We have been asked by State Rep. Mike Villarreal (D-San Antonio), chairman of the House Committee on Investments and Financial Services, to notify prosecutors of a recent advisory bulletin issued by the Office of the Consumer Credit Commissioner (OCCC) regarding payday lending. Specifically, the agency is warning payday lenders against using a prosecutor’s hot-check division “simply as a means for collecting on delinquent loans,” especially those secured by post-dated checks from the consumer/borrower. These lenders’ (alleged mis-)use of the criminal justice system was highlighted in an expose earlier this summer that should serve as a warning to unsuspecting hot-check divisions. Fortunately, you now have a statement from the state agency regulating these businesses that will back you up if you decline to pursue charges.The expose mentioned was a story in the Texas Observer by Forrest Wilder* contending that District and County Attorneys offices are "functioning as a debt-collection service for payday lenders." Bexar County ADA Cliff Herberg "said his office won’t prosecute cases in which a payday loan is involved unless there’s a clear case of fraud or deception. 'If it’s for a loan, they’re not going to submit them to a criminal prosecution, it would be for collections purposes only.' However, the collections letters from the Bexar County DA threaten arrest, jail and criminal prosecution." So Mr. Herberg is splitting that particular hair might thin.
Like asset forfeiture, hot check collection produces a slush fund that elected prosecutors can use however they want. According to a TDCAA primer on the subject from 2008, "The statute gives the elected prosecutor sole discretion over expenditures from the hot check fund; the elected is not required to get approval from the commissioners court to use the funds." So there's a tacit economic incentive for prosecutors to look the other way when payday lenders attempt to use them for purposes of debt collection. It helps them grow their slush fund.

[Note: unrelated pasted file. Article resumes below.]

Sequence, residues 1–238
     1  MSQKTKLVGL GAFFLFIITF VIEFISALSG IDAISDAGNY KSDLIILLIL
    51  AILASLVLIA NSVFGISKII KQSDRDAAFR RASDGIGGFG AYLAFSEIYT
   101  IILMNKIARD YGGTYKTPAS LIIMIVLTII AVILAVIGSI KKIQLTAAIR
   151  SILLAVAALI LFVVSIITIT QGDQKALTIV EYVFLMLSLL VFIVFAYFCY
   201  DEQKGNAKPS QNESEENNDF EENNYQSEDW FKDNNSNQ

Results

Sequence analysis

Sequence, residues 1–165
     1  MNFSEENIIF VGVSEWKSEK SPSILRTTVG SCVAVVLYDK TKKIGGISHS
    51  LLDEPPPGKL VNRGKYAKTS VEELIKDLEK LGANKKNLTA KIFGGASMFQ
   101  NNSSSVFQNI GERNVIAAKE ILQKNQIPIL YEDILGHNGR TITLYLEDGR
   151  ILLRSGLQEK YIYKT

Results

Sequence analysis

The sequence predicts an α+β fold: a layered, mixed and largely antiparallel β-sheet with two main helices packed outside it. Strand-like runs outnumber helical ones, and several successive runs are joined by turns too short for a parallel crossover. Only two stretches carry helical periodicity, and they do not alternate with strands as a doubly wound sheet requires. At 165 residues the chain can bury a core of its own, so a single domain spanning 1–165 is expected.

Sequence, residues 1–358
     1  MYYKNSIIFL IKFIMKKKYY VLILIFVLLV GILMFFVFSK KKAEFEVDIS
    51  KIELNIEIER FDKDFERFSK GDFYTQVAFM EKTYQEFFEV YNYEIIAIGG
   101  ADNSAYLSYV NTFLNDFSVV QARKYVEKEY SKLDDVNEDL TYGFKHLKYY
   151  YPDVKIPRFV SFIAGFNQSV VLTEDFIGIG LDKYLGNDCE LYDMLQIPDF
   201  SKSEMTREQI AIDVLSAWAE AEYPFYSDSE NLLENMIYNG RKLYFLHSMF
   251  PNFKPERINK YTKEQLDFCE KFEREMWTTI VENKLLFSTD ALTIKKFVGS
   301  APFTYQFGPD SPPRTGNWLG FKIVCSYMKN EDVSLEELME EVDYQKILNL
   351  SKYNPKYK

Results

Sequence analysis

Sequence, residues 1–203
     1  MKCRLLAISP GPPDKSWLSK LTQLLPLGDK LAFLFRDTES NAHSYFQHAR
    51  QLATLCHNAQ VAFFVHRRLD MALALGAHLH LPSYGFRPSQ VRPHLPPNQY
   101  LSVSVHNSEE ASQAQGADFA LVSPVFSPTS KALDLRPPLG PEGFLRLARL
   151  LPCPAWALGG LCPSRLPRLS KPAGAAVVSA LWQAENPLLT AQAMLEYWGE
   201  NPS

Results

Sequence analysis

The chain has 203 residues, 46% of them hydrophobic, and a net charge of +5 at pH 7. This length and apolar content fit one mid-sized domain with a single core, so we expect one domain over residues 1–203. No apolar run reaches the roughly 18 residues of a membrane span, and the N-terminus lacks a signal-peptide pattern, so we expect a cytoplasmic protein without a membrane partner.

Over time, prosecutors have successfully lobbied to use hot-check funds for just about anything (except supplementing the pay of elected prosecutors themselves). "Originally, the legislature envisioned the money would be used to defray the costs directly attributable to the prosecution of hot check writers, but the spending guidelines have expanded over the years," according to the TDCAA primer. Further, TDCAA emphasizes that, "if a defendant has written several hot checks, there is nothing to prohibit you from collecting a fee on each check." So in aggregate, hot check fees can rack up pretty quickly.
Last month, Wilder reported on the new advisory from the Consumer Credit Commission which warned that payday lenders "should not use a district attorney's hot-check division simply as a means for collecting on delinquent loans." The new advisory clarifies that, "if a consumer postdates a check to pay for a payday loan, and that check later bounces, this is not sufficient evidence to show that the consumer committed criminal conduct." Instead, there must be additional evidence proving the consumers' intent to commit a crime. (Such intent is presumed for hot checks dated the same day as the transaction.)
Grits has long believed the law should be changed so that these slush funds - both for hot checks and asset forfeiture - go to counties' general funds instead of remaining under control of elected prosecutors. That would remove even the appearance self serving incentives regarding how those cases are handled, which presently is hard to avoid. Short of that, I'm glad the Consumer Credit Commissioner issued this advisory, but it remains to be seen whether their advice changes front-line behavior of the prosecutors and justices of the peace who handle the bulk of these cases.
*Kudos to Wilder, btw, for his excellent reporting on this topic. Great job, amigo, I'm proud of you.